Often, we propose tools that solve our Individuals & Interactions problems and we're dumbstruck by the lack of adoption by our users. The best tool in the world will fail if its adoption is poor; IT cannot propose a "solution" and expect it to be adored by clients the same way that we do. Adoption requires buy-in and potentially continual education to prove that the tool is actually making lives easier. Their lives too, that is, not just ours… Education also, requires Individuals & Interactions. Instead, we have "implementations…"
Here are some of the perennial problems that you can observe recycling with each new process and tool:
1. "Go look at the board"- A tool or process can be misused as an excuse to reduce face-to-face (or voice-to-voice) human communication:
2. "Why is nothing happening on the board?" – Perhaps my favorite irony: the board is telling us that we're not communicating… It takes human interaction and continual education to achieve adoption.
3. "There are only 2 of us… Let's create a board to communicate…" – A tool or process might not even be needed, and yet we feel obliged to have one. Safety blanket?
4. "We should be driving the client to the board…" – Tools and Processes were never intended to replace human interaction. You should be driving better communication.
5. "If you want something, put it on the board…" – Tools and Processes can be misused to completely marginalize client/user input leading to an inferior software product
6. "Don't bug the developers – Just use the tool. They can get more work done that way." – A tool or process can be misused to completely replace the need for human interaction
7. ”Our hope is that Agile will make us a high-performing team…" – A tool or process cannot correct a Company Culture issue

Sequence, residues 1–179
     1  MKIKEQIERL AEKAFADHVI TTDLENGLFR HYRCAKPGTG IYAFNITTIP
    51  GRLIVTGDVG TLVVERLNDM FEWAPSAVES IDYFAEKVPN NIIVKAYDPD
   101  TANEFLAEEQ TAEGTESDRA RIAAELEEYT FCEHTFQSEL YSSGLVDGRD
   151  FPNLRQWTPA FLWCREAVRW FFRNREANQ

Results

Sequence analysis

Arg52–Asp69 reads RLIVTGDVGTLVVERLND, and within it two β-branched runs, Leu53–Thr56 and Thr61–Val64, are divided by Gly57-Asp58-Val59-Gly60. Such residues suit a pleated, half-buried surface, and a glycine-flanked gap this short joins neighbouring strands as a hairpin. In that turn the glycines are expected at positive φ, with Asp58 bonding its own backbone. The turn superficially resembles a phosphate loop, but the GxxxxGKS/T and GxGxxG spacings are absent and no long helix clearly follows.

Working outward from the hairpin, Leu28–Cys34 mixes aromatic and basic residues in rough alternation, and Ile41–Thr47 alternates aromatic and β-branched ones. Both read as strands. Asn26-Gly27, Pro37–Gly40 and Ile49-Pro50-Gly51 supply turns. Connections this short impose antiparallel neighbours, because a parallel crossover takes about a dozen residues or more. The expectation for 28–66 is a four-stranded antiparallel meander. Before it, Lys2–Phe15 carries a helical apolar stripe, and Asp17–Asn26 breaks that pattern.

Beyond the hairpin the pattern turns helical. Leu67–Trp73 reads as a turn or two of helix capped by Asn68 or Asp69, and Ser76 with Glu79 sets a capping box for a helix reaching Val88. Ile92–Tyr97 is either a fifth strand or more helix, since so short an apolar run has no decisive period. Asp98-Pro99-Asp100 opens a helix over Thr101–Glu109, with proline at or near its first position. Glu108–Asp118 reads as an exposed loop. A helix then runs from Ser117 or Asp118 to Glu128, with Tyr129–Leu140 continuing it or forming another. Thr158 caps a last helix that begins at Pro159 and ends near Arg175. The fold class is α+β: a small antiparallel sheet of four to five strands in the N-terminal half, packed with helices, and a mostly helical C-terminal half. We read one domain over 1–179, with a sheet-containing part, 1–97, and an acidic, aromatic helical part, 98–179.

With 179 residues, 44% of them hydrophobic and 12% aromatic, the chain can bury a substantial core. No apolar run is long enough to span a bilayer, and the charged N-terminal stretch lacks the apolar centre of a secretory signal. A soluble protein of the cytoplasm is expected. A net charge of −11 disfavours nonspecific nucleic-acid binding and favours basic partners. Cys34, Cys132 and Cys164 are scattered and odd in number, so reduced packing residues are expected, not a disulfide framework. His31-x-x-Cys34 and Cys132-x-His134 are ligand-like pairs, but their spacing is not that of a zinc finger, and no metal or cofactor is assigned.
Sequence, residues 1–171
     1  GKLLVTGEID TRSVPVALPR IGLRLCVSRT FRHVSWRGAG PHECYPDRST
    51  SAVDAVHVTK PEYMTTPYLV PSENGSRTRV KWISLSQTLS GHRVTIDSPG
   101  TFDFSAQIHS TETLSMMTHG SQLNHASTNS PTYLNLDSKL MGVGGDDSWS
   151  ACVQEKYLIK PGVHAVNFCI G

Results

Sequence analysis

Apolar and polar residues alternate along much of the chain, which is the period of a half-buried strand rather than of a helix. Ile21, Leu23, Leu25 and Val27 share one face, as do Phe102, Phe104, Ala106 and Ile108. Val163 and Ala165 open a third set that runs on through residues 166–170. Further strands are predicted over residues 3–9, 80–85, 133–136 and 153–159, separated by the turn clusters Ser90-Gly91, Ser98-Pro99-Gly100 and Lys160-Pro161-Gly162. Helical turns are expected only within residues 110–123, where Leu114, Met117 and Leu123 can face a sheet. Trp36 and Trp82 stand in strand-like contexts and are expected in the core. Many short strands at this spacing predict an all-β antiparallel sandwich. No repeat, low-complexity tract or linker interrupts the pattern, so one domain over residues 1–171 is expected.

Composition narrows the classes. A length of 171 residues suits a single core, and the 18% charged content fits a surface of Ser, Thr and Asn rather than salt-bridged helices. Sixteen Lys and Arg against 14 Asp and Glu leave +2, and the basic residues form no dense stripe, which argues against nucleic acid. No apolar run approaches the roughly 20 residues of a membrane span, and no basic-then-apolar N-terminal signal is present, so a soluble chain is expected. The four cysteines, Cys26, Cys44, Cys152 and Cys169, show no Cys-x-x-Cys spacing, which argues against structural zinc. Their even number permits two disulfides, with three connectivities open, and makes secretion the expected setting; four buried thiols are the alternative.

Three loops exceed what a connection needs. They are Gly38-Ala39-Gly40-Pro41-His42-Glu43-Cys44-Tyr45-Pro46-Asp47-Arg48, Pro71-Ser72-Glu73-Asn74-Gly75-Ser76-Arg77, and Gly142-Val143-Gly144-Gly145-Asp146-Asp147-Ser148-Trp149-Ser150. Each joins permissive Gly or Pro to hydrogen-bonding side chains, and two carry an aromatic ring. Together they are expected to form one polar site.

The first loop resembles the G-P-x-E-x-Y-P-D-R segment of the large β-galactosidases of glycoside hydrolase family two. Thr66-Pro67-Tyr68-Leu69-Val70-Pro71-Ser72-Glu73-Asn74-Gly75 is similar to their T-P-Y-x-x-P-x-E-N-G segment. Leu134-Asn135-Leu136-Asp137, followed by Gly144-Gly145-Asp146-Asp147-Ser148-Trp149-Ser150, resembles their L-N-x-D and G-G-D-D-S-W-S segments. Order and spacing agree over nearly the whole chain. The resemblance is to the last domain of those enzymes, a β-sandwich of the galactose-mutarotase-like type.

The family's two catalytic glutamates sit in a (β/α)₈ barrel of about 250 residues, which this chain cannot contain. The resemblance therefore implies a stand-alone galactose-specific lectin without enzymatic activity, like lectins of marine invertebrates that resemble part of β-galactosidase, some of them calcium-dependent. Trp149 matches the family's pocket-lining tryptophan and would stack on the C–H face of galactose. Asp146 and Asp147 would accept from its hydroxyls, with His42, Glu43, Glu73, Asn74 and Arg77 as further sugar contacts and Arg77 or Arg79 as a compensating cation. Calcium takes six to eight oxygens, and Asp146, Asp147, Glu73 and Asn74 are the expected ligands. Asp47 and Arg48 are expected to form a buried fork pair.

8. "Our tool tells us that we are running behind…" – If you haven't figured out that you're running behind schedule, a tool will not manage (or successfully complete) projects for you.
9. "What does the board think that we should do next?" – A tool or process will not organize people, inherently create better work-flow. The board is NOT your mother.
Board Members and Customer Service…
The board, no matter how important to you, is an inanimate object and will never create the customer service interface levels necessary for a successful project for your client. You see, the client doesn't care about the board, they care about results.
Tools or solutions have no inherent ability to change human behavior. If the quality of the Individuals & Interactions at your company is poor, implementing a tool as we love to do, won't fix that cultural issue. And to be fair, this isn't really IT's fault.
If you come to IT to solve a problem, chances are extremely high that you will get a process or a tool. If you come to IT to solve a Human or Cultural problem – chances are still high that you will get a Process or a Tool.
Business is stuck in always turning to IT for "Solutions" (no matter the nature of the problem) and IT is stuck in providing Processes & Tools as solutions. Instead, we should be asking if we're solving the RIGHT problem.